CJM: A Dime Store Epic
Ma io, perché venirvi? o chi ‘l concede?
Io non Enëa, io non Paulo sono…
A Jailer’s Imploratory Lament
Now that you’re strapped down good and tight,
Listen to what I have to say.
No fair singing Mary Had a Little Lamb
At the top of your lungs.
No, I won’t loosen the straps. Now listen,
O Wedding Guest, to this,
That the Muse of Blunt Instruments and Blunter Words
Bestowed upon my throbbing head
As she beat me senseless with a tire iron.
Listen, because I am hoarse.
I am your mark-down Aeneas on the clearance table,
Your bargain-basement Paul,
And you will hear for the ninth time, or the ninetieth,
Of a tourist’s Underworld jaunt.
Do not look for rhyme or reason in these words
hanging in fumes of formaldehyde;
They have been omitted.
There is a chance they would make the telling enjoyable
And the listening bearable.
And I am weak.
1. Promenade the First: To the Oracle
The stores are full of shoppers and bad feelings.
I’m privileged to be joining them
In an hour and a half.
Coldest day yet; people watch their breath fall
And shatter on the sidewalk.
I have ninety minutes.
I suit up:
No armor but an old army jacket.
My father’s gloves (too big) instead of gauntlets.
No gleaming sword, no trusty steed—
This is not a fairy tale.
I have a Kodak camera and a skateboard
And reality can be fun.
In my pocket, a present for a forgotten sister.
I bareface my way out
Past the incredulous living.
(Going to go skate, fer chrissakes,
Coldest day yet, he’s going to break his neck)
ha ha This is quite serious.
I hit the ground rolling, leaving the living behind.
Cold chews the flesh from my skull.
I push hard.
I have ninety minutes.
The Gate is intimidating in its plainness.
There is no inscription of despair.
There is no inscription at all.
It is imposing even in the sunlight, even open invitingly.
It whispers like scattered ashes through my naked earholes
—Come on in and rest those bones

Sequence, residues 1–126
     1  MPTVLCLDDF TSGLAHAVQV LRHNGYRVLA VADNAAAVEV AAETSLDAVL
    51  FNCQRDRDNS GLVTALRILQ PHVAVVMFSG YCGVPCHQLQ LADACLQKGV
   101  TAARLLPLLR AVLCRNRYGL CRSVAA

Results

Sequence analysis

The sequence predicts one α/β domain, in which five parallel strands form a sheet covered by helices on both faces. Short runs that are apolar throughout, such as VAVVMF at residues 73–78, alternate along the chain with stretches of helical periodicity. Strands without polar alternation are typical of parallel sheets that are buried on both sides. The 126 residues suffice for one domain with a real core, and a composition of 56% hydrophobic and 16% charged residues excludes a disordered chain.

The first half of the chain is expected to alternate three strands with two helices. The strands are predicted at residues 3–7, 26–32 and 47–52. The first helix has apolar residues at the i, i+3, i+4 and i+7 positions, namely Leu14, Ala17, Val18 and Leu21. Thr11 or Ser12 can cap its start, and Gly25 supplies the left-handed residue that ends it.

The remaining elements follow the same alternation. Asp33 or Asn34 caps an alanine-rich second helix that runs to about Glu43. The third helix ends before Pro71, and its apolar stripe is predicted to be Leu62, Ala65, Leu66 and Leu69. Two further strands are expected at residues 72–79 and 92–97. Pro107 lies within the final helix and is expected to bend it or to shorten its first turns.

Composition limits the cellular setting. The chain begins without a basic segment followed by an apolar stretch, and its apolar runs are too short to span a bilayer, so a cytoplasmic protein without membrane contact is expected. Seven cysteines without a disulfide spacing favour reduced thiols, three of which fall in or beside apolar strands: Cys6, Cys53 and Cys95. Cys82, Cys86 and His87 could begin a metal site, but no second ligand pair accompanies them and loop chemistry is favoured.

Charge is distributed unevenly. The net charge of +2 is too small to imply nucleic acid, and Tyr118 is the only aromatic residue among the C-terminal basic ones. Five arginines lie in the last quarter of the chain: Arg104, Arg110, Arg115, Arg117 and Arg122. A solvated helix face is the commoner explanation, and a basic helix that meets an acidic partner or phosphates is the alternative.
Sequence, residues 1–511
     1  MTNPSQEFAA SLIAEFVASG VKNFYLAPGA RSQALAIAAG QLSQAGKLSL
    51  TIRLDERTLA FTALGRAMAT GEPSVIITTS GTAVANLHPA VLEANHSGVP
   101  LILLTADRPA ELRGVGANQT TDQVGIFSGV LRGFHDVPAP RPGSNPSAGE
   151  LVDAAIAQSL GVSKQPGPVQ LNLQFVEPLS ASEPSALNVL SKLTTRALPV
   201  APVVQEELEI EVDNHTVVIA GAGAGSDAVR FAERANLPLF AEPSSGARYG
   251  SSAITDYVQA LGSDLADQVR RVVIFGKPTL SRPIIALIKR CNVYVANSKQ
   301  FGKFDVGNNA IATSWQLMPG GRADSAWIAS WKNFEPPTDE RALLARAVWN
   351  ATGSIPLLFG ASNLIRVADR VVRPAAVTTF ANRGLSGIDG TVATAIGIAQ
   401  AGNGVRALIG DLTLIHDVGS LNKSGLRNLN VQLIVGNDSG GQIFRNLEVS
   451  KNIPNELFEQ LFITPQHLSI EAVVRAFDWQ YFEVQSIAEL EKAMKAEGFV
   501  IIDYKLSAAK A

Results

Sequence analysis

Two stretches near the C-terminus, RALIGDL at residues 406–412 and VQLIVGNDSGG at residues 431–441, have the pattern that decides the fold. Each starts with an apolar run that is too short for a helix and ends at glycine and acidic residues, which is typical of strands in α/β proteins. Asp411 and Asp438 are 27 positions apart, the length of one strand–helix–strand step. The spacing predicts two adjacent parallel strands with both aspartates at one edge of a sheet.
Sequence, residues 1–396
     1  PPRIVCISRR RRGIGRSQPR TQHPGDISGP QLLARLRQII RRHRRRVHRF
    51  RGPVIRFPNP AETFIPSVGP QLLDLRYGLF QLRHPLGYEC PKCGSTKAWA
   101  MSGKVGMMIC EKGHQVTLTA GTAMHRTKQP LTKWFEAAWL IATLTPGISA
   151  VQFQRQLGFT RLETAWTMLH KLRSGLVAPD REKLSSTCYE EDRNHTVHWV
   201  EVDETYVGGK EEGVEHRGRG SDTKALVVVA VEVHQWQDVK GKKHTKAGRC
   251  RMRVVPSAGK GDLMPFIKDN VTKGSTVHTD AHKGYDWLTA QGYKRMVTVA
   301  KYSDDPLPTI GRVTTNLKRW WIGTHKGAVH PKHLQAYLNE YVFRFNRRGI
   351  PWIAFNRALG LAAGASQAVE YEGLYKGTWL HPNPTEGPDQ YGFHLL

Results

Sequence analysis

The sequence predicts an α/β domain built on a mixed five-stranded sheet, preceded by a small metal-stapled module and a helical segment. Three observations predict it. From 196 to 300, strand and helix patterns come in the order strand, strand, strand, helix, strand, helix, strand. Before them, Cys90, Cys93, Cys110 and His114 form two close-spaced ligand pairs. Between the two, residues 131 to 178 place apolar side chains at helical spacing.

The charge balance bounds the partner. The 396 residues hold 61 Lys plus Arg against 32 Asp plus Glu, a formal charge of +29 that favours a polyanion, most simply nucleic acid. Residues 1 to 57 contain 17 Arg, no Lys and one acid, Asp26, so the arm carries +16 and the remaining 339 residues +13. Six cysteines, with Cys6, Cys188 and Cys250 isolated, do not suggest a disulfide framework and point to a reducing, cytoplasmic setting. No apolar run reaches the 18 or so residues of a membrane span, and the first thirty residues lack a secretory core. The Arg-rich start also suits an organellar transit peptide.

But I ignore it, knowing in my soul I’m only half dead.
A greeting card on stilts reads Office Ahead— first stop.
I pick up my board—
To be forcibly ejected
Would be disastrous—
Slide through gaping iron jaws spiked black teeth
The icicle wind snaps them shut with a hollow clang
In the Necropolis there are many visitors.
I walk fast nerves crying it’s cold
Past a burial in progress.
These tourists would complain, surely,
At the sound of rusted bearings spinning.
I walk faster.
It is further from the Gate to the office
Than from my family to the Gate.
I stand in the foyer, a skeleton of blue ice
Waiting for my vision to clear
For my flesh to undissolve
So I can speak with lips and tongue.
I claw through invisible spumes of Catholic incense
Into Dead Central.
2. Directions at Death’s Service Station
It looks exactly like the post office.
I imagine them cancelling stamps
Bearing pictures of flowers and departed souls.
Like magic, a mailman enters.
Even the Dead get letters.
He smiles, sees the board:
—Been riding that thing out there?
With lips still blue still numb but there:
—No, didn’t want to make anyone mad.
He smiles again, chuckles like a brook in spring.
I find myself wishing I could do that.
He picks up the mail and floats out the door.
The incense is catching in my throat.
The plasticine woman finally hangs up the phone.
She has been eyeing me distastefully while
Solemnly reciting the works of Edward Lear
Over fiberoptic line to an unamused party.
Now she won’t say a word, just looks
And waits for her cue.
I begin the hateful dance:
—I’m looking for a relative.
In a Wizard of Oz voice:
I think that’s right I hope so
Last glimpsed the name on a
Parents had it buried away
Not well enough
I only glimpsed the name
Two tiny footprints
That was it
Never saw it again
And never saw her at all
I have more fingers crossed than I have fingers.
Superstition seems compulsory here.
She’s checking files in the side office.
Fingers crossed not sure if this is the place
Heard a whisper seven years ago
That my sister was here
Fingers crossed in my father’s gloves
Plasticine Pickford of the Emerald City returns,
Grand entrance stage right. Sour.
She delivers the immortal line beautifully:
—Was she like three hours old when she died?
(the crowd roars approval)
I didn’t know.
What could I have said to that?
She is writing on a slip of paper
Nice paper heavy cream Catholic paper
Charlene J. Miller
Grave 11 Lot 35 Block 7 Section 2
There is a map on the back—
Section 2 is back by the Gate.